Hopefully your efforts will be rewarded with a glorious display of dazzling Dahlias from mid-summer right through to Autumn!

July 2016 Dahlias Top Mix 'Mama' and 'Purple'

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Is it Spring Yet?

Well, what a couple of months we’ve had. After an incredibly mild January, February and March have pulled a double shift on winter weather duty, chucking pretty much the full repertoire of sleet, snow, hail and frost at us, quite frequently all at once. All of which has meant our January plans haven’t moved on as far as we would have liked, but it is what it is: the first thing you learn as a gardener is that you can’t control the weather, you just have to work around it.

That didn’t stop work progressing on Plot #79, our new orchard plot. Orchard-buddy Mike and I covered the plot in heavy duty weed membrane back in December, before planting out 20 trees – stakes, ties and all – in January. We started the job in breezy sunshine and finished it in freezing rain, but we’re now the proud custodians of 11 heritage apples, 4 heritage pears, and one each of quince, greengage, plum, damson and medlar. I’ll write up a more detailed progress report and post that separately.

Plot #79, work very much in progress
Plot #79, work very much in progress

I also found enough dry(ish) weather at the end of January to prep the slab base for our new shed, which we ordered yesterday. It’ll be with us in 3-4 weeks and that will allow us to finally move all the junk out of the greenhouse and use that as proper growing space instead. Cucumbers, y’say? I think so.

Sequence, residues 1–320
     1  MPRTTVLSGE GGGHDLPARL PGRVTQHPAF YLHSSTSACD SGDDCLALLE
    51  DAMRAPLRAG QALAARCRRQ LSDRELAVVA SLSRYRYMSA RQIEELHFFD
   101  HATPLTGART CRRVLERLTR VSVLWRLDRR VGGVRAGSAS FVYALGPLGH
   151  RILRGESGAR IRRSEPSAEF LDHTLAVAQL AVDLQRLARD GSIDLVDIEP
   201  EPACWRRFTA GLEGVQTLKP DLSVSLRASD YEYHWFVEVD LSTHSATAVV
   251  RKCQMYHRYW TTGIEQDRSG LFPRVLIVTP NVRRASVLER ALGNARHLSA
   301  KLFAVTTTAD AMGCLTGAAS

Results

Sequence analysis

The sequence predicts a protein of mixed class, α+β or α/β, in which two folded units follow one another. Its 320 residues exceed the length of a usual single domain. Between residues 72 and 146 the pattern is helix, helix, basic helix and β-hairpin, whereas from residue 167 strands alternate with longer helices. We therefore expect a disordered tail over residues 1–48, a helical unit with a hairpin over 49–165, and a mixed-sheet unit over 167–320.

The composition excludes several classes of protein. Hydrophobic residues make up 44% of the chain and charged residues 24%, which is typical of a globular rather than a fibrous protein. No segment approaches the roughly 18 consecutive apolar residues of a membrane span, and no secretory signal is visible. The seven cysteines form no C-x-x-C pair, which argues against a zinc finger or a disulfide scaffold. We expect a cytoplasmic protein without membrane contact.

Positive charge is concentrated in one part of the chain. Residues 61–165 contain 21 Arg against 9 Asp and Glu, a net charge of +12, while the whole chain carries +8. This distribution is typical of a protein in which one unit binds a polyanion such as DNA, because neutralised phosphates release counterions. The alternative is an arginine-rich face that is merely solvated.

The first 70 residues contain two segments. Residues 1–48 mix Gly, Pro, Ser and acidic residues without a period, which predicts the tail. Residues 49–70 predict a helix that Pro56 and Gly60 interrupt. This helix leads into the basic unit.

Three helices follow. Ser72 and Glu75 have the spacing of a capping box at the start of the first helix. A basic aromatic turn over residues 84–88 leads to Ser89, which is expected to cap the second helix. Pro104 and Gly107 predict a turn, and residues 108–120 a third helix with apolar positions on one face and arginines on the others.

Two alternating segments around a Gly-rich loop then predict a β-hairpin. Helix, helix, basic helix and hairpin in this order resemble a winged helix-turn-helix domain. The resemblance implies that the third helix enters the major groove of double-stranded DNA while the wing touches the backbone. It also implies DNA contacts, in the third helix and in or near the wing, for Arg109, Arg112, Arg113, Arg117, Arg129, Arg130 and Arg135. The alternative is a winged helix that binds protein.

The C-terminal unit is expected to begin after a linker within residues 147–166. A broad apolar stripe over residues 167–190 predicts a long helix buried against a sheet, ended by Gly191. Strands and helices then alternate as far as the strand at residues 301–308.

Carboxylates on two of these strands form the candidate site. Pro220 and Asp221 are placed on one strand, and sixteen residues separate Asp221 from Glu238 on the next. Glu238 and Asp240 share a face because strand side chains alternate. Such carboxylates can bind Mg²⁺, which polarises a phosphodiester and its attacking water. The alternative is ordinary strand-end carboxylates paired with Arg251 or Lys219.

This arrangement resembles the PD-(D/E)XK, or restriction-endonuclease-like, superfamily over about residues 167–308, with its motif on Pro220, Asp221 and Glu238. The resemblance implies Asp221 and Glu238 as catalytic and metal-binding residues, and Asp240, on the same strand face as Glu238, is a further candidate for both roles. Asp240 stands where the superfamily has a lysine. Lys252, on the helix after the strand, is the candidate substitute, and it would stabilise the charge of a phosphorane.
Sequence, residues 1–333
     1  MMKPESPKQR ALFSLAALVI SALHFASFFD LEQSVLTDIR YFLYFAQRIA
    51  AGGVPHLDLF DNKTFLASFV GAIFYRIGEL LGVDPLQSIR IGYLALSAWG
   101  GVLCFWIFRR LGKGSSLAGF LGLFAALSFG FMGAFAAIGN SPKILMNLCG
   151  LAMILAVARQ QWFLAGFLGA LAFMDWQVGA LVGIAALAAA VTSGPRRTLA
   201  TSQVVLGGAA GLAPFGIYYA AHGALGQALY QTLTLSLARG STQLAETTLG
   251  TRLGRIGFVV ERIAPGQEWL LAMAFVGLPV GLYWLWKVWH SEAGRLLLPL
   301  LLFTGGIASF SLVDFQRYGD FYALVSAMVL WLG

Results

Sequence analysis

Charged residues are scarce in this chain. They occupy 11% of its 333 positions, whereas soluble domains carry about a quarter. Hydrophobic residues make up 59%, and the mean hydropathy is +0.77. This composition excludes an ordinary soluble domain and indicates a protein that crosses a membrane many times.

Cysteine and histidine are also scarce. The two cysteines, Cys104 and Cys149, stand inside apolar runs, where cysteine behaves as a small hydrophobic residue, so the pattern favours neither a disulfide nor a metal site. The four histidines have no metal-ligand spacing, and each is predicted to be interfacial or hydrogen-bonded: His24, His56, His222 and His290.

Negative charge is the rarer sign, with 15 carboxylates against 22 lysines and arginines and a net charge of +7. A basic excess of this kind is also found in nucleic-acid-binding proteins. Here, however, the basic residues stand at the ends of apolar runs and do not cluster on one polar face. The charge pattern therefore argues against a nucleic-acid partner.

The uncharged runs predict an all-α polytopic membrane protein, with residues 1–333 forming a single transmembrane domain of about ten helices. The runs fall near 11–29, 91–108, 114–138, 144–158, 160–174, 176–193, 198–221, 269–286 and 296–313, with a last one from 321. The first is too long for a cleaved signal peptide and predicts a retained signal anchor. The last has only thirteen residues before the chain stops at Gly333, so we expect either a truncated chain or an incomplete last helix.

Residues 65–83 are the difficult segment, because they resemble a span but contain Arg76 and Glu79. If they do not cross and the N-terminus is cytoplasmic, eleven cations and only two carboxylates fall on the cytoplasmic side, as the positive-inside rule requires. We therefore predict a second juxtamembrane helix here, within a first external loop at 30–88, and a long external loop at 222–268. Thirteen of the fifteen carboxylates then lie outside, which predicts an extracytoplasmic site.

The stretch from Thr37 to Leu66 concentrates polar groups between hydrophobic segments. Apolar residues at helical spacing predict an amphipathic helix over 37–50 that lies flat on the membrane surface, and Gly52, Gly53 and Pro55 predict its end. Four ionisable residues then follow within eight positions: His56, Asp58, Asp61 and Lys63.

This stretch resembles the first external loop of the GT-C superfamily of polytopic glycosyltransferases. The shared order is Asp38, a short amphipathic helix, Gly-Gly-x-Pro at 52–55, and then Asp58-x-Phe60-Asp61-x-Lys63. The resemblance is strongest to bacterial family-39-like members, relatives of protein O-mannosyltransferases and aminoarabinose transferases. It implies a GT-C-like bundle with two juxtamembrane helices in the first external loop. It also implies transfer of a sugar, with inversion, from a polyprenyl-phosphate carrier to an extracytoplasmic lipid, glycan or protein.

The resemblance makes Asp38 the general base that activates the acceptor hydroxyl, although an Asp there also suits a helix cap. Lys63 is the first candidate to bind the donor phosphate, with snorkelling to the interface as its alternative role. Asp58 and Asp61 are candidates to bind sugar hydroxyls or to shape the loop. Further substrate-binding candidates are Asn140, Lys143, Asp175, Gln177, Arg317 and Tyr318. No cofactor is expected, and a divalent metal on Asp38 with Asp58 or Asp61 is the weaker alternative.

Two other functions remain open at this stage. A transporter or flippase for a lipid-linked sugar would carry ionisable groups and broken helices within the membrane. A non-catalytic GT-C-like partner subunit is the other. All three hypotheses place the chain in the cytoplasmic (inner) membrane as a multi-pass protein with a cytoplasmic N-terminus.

Last week was the first reasonably fine, dry spell we’ve had for a while, and I was able to get on with some of those infrastructure and clearance jobs, that I was really hoping to do much earlier in the year, on our main plot #59. Another half dozen recycled concrete slabs laid along the central path, another couple of square metres of the remaining midden mound – a previous tenant’s rubbish dumb, right in the middle of our plot – dug over and a few more kilos of broken glass, metal, pottery, brick, plastic (you name it) picked out and set aside, ready to dump in the annual site skip. Nothing glamorous, but essential work that’s better done than pending.

Another forkful of assorted crap from the midden mound
Another forkful of assorted crap from the midden mound

Jo and I also spent a few hours yesterday planting out onion sets, sprouted shallots and over-wintered broad beans – I know the weather is due to turn a bit colder again this week, but it’s only a short snap, and the plants need to be in the ground rather than the greenhouse – so they’re providing a bit more green amidst the see of brown earth and wood-chip. I noticed that the gooseberry and jostaberry leaf buds are just starting to break, the rhubarb as well, which is always a good sign that things are finally getting underway.

February 2018 - broad beans planted out
After a winter in the greenhouse, these broad beans should be glad to get their roots into some fresh soil.
March 2018 - jostaberry leaf buds breaking
Josteberries and gooseberries are among the earliest fruit leaf buds to show signs of life.

This week’s forecast of a short burst of cold, wet weather aside, I think we can say it nearly, almost feels like Spring is here. At long last.